Lew Whiteman’s Legacy
Who was Lew Whiteman?
Manton Lewis Cyril Whiteman was one of five children born to a family who made their fortune manufacturing bricks from the rich clay soil of the Swan Valley. The Whiteman family came from England in 1886 and Lew’s grandfather took up land on Jane Brook in Middle Swan, where Lew’s father established a brickworks.
Lew was born in 1903 and spent his youth chasing brumbies around the freshwater lakes of Mussel Pool, Lake Gnangara and Emu Lake.
With his heart set in the sand country, Lew began purchasing land around Mussel Pool in 1939, and owned up to 835 hectares in this area at one time. He used the land to graze cattle and as a place to ride horses. In 1963, Lew enlarged Mussel Pool and developed it as a picnic ground for friends, neighbours and later, the wider community.
After selling Whiteman Brick in 1966, Lew indulged his passion for collecting old machinery and draught vehicles, which he displayed at Mussel Pool, as well as antiques and curios, which he kept at his properties in Guildford. He owned three houses in a row to house his private collection which he opened to invited guests only, taking pride in showing them through his famous personal collection, in an era when interest in such things was uncommon.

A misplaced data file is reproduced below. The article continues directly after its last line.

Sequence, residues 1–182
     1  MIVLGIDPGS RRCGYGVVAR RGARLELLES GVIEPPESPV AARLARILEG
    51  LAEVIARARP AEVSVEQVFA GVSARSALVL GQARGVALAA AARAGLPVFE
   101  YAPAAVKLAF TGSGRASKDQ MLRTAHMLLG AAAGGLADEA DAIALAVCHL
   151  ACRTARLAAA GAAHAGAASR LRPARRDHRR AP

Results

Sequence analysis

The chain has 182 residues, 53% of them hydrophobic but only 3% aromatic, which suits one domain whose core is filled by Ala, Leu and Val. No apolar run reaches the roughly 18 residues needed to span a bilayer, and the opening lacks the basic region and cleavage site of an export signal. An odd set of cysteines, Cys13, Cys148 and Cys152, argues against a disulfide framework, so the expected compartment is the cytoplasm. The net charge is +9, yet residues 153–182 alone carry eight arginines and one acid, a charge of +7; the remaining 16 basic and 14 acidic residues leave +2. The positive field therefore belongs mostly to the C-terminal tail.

In 1977, Lew sold the land around Mussel Pool to the State government, and in 1986, Whiteman Park was officially opened and named in recognition of Mr Whiteman for his pioneering development of the public open space.
Following his death in 1994, Lew made a generous bequest to the people of Western Australia. In an agreement with the Western Australian Planning Commission, selected objects from his collection, relevant to transport and development, were transferred to Whiteman Park, to be kept in perpetuity. The remainder of his exotic antiques and curios were sold at auction and the proceeds were donated to charity, with Princess Margaret Hospital being the major benefactor.
Manton Lewis Cyril Whiteman was well known in the district as an excellent horseman and a good Samaritan. Lew never married and he never lived on the lands here – he lived the first part of his life in Middle Swan, near the brickworks, and moved to Guildford in the 1950s where he lived for the rest of his days.
The Commission’s vision, in accepting Lew’s bequest, is to use ‘The Whiteman Collection’ to strengthen Whiteman Park’s transport theme and provoke community interest in land use and transport. To this end, Revolutions Transport Museum was opened to the public in 2005 and continues to display a thought-provoking exhibition based on the Whiteman Collection.